From the bride, Kathryn:  We wanted to throw a party for our friends and family to thank them for supporting us as a couple and as individuals and for teaching us how to love ourselves and one another. We wanted our ceremony to honor what we consider sacred while remaining true to our laid-back style. We opted for John Prine instead of scripture and doctrine. 

Instead of walking down the aisle, we entered along the acequia, a communally managed irrigation ditch common to Northern New Mexico. We walked in together to honor our equal partnership free from traditional gender norms. We followed our parents, siblings and closest friends to the archway to honor the joining of our families. 

Before walking down together, our photographer, Alicia, recommended that we have a "First Look" session. This ended up being one of the best decisions of the day: a moment to be together in shared intention before the whirlwind of people and activities.

In the months before the wedding, many friends helped us fold paper cranes for our décor. When we saw the paper cranes strung up at the wedding, it reminded us of the support, care, and creativity that our friends provide in our lives.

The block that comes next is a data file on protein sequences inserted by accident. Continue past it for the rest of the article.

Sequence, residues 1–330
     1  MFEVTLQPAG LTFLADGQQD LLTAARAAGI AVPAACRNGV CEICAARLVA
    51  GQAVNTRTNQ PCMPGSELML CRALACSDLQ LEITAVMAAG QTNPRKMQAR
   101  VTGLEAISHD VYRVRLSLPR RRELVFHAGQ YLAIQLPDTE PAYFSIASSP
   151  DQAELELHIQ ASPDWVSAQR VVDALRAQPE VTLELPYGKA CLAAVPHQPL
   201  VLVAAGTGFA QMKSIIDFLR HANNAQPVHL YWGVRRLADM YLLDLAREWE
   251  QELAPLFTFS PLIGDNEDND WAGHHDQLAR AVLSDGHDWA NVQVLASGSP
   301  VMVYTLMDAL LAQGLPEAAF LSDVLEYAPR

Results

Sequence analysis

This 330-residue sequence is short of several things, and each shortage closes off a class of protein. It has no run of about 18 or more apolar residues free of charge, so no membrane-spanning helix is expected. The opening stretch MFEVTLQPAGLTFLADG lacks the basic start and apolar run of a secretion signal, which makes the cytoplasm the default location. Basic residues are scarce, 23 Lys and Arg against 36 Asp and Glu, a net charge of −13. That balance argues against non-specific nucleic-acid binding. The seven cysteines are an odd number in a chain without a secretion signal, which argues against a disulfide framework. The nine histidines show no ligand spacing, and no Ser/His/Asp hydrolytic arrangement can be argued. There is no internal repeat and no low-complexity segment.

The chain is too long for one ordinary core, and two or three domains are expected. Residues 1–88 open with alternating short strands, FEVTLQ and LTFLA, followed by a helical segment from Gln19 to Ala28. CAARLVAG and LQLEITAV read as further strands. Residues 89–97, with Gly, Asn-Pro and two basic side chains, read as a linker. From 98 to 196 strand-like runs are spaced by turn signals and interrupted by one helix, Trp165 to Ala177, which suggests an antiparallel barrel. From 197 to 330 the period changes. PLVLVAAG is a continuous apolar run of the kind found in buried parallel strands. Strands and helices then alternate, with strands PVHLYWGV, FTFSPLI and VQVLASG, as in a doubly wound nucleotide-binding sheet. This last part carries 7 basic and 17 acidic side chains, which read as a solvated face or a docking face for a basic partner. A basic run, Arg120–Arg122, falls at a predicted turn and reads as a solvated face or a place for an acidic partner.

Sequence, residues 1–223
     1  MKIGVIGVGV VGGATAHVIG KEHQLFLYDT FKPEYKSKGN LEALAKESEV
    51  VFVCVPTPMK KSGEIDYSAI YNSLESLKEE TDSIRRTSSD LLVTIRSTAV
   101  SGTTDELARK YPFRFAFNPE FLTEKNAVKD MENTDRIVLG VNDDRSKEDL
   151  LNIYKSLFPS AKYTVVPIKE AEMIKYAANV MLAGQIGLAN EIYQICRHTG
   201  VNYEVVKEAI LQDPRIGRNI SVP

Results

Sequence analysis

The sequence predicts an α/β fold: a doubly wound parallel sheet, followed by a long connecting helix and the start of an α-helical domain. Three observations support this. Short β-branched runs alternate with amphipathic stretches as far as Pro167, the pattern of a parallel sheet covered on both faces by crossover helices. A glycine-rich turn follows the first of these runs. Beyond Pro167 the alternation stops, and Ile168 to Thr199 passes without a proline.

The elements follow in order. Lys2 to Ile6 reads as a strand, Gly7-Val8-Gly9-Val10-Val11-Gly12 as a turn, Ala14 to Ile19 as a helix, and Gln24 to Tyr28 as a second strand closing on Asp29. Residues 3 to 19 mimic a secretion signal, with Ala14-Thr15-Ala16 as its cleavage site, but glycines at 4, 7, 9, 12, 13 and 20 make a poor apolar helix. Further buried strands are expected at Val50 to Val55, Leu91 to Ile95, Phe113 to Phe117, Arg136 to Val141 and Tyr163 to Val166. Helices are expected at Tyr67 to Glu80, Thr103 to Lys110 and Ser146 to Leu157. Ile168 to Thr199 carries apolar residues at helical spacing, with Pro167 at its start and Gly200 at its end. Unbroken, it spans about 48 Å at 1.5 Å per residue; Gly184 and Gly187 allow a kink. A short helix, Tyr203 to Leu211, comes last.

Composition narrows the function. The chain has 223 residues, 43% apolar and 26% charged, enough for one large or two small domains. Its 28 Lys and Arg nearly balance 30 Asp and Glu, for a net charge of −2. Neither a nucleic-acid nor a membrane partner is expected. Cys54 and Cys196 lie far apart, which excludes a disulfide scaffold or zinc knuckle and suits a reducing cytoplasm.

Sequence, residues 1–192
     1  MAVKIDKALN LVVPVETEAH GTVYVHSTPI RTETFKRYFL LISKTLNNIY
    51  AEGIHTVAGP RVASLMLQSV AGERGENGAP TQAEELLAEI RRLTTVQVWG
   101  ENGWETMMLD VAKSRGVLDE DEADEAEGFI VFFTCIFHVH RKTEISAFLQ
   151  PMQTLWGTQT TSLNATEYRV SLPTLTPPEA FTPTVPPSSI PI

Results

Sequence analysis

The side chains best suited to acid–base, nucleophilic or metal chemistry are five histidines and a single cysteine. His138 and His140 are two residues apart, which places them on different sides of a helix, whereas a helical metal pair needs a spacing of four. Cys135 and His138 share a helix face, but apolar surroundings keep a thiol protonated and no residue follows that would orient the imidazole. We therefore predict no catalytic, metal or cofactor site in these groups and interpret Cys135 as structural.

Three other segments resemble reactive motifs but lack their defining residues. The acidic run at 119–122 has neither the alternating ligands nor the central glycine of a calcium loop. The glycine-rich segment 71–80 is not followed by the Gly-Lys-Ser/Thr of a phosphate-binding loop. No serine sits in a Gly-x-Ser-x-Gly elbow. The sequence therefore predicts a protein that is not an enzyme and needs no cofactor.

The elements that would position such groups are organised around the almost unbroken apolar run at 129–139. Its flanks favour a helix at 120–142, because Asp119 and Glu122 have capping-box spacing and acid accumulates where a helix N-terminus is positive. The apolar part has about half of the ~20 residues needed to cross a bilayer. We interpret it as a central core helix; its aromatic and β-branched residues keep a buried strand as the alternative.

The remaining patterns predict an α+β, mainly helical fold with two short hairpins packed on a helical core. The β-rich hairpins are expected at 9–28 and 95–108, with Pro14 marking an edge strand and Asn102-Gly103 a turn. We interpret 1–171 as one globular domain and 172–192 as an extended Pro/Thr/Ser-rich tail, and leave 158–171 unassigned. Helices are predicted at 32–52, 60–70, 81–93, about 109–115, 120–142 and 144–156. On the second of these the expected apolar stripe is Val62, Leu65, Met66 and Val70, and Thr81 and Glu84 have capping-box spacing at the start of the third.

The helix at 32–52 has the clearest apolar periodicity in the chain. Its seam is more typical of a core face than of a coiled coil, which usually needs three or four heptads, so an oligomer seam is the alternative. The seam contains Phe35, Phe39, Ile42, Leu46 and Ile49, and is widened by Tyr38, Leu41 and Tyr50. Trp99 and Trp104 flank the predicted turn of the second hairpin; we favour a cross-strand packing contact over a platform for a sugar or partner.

We are fortunate that one of friends is Emily Calhoun, the florist for our wedding. She is a farmer, florist, and the business owner of Floriography Flowers. Kathryn's mom, aunt, and some friends joined the Floriography team in their workshop two days before the wedding in order to learn a little about flower arranging and prepare the vases for the table. We (Kathryn and Thommy) had grown drought tolerant rattlesnake beans and blue corn in our garden and asked Floriography to incorporate it into the décor. Even the bouquet featured stalks of blue corn.

Our cake was made by Walter Cloud, another talented friend of ours. He is a student and teaching assistant in the Culinary Arts at Navajo Technical University. We asked him to incorporate a myriad of disparate ingredients, including ginger to honor Thommy's Japanese heritage and red chile and blue corn to honor our Southwestern home. Walt's creation was extraordinarily delicious and beautiful.


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